Overall, the US produced 774.6 million short tonnes of coal in 2017 and accounts for 13% of the world's coal production, according to a report by the US Energy Information Administration (EIA)


Image: An 80 foot coal seam at the North Antelope Rochelle opencut coal mine. Photo courtesy of Peabody Energy, Inc./Wikipedia.org

Coal continues to be a major source of energy in the US, which is home to multiple mines dedicated to harvesting the mineral despite the rise of many alternative sources of energy.

A landmark report recently highlighted that most of the coal-fired plants across America are contaminating the surrounding water, adding further fuel to the argument against their use.

The facilities remain a prominent part of the US energy mix, however, with Wyoming, West Virginia, Pennsylvania, Illinois and Kentucky being the country’s major coal producing states, accounting for more than 70% of its coal production.

Meanwhile, Peabody Powder River Mining, Thunder Basin Coal Company, Antelope Coal, Blackjewel and Cordero Mining are act as its major coal mining operators.

Here we profile seven of the largest coal mines still in operation in the US.


Coal mines in the US

North Antelope Rochelle Mine

Operated by Peabody Powder River Mining and located 104.6km south of Gillette, Wyoming, the mine produced 101.5 million short tonnes of coal in 2017.

Officially opened in 1999, it was formed through the integration of the North Antelope Mine and Rochelle Mine and today has nearly 1.9 billion tonnes of provable and probable reserves.

The surface mining technique is used to harvest the sedimentary coal at the site, which has an average quality of

The surface mining technique is used to mine the sedimentary coal deposit at the site, which has a coal quality is claimed to average 8,800 BTU/lb.

In 2017, the direct and indirect economic benefits from the mine stood at $2.8bn (£2.1bn) and, as of last year, it employed 1,210 people.

coal mines us
The North Antelope Rochelle coal mine has nearly 1.9 billion tonnes of provable and probable reserves (Credit: hangela/Pixabay)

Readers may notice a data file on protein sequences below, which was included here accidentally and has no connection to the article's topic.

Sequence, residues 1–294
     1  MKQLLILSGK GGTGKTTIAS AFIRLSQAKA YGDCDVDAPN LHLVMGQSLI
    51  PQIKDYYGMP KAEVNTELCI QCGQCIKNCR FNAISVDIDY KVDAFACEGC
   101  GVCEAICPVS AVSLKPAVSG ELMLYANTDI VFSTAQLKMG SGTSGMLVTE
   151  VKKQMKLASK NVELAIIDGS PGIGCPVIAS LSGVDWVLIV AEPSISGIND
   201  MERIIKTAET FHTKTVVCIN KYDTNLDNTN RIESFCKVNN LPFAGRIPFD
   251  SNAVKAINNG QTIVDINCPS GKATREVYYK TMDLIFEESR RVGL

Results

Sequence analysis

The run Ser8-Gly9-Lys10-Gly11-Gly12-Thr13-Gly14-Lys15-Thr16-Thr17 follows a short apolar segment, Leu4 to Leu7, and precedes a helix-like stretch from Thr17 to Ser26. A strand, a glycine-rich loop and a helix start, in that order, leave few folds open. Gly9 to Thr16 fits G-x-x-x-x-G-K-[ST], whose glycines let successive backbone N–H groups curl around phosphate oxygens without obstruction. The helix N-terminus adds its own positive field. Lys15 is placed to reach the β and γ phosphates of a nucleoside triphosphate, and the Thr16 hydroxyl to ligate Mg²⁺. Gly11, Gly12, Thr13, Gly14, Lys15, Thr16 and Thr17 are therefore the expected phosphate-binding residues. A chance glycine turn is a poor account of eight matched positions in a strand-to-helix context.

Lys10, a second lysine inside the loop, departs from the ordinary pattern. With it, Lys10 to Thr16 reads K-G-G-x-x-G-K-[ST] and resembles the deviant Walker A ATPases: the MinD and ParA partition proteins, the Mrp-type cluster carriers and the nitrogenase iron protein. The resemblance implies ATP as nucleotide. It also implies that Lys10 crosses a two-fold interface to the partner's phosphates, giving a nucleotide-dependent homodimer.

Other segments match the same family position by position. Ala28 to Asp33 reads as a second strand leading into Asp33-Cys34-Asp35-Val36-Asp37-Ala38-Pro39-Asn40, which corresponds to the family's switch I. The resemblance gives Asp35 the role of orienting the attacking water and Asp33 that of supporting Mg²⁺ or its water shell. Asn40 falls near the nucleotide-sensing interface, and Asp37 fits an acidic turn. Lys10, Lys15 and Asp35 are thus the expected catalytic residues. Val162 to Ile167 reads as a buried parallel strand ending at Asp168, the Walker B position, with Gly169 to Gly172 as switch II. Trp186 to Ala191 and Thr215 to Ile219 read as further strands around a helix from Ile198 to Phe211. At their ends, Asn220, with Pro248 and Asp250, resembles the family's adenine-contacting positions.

Antelope Coal Mine

Also located in the southern end of the Powder River Basin, the mine is operated by Antelope Coal.

It produced 28.5 million short tonnes of coal in 2017, with thermal extracted at the Anderson and Canyon Seams at the mines at a thickness of up to 44 and 36 feet, respectively.

Coal mined from Antelope is supplied mainly to electric utilities in the midwest, southwest and southeast US.


Eagle Butte Mine

Located 11km north of Gillette, Wyoming, Eagle Butte Mine produced more than 17 million short tonnes of coal in 2017.

The facility produces low-sulfur, sub-bituminous coal from the Roland and Smith seams, and mine began shipping its first train of coal in 1978.

Eagle Butte Mine seen from the visitor overlook platform in Campbell County, Wyoming (Credit: Mr. Satterly/Wikipedia.org)

Cordero Rojo Mine

The Cordero Rojo Mine, located 40km south of Gillette, produced 16.3 million short tonnes of coal in 2017, extracting thermal coal from the Wyodak seam, whose thickness ranges from approximately 55 to 70 feet.

It supplies coal to electric utilities in the west, midwest and southeast US, and was acquired by Cloud Peak Energy from Rio Tinto Energy America in 2010.


Belle Ayr Mine

Another giant coal mine located in Wyoming’s Power River Basin, Belle Ayr Mine produces nearly 16 million short tonnes of coal per year, according to the EIA.

The facility, where operations were first started in 1972, is open-pit, and it produces low-sulfur, sub-bituminous coal from the Wyodak-Anderson seam.


Freedom Mine

Located about 13km from northwest of Beulah, North Dakota, the Freedom Mine is one of the largest lignite mines in the US.

The facility produced 14.7 million short tonnes of coal in 2017 and accounts for half of lignite coal mined in North Dakota.

It is owned by The Coteau Properties Company, a wholly owned subsidiary of the North American Coal Corporation, and mine supplies lignite coal to the Great Plains Synfuels Plant.


Black Thunder

Located in the Southern Powder River Basin of Wyoming, the Black Thunder mine transports 30 miles of coal trains every day and became the first mine in the world to reach one billion tonnes of in shipments.

In 2017, it produced more than 70 million tonnes of coal – the second-highest amount in the US, according to the EIA.

Opened in 1977, Black Thunder spans 35,700 acres and is estimated to contain 1.4 billion tonnes of recoverable coal reserves.

It is operated by Thunder Basin Coal Company and produces low-sulphur, sub-bituminous coal.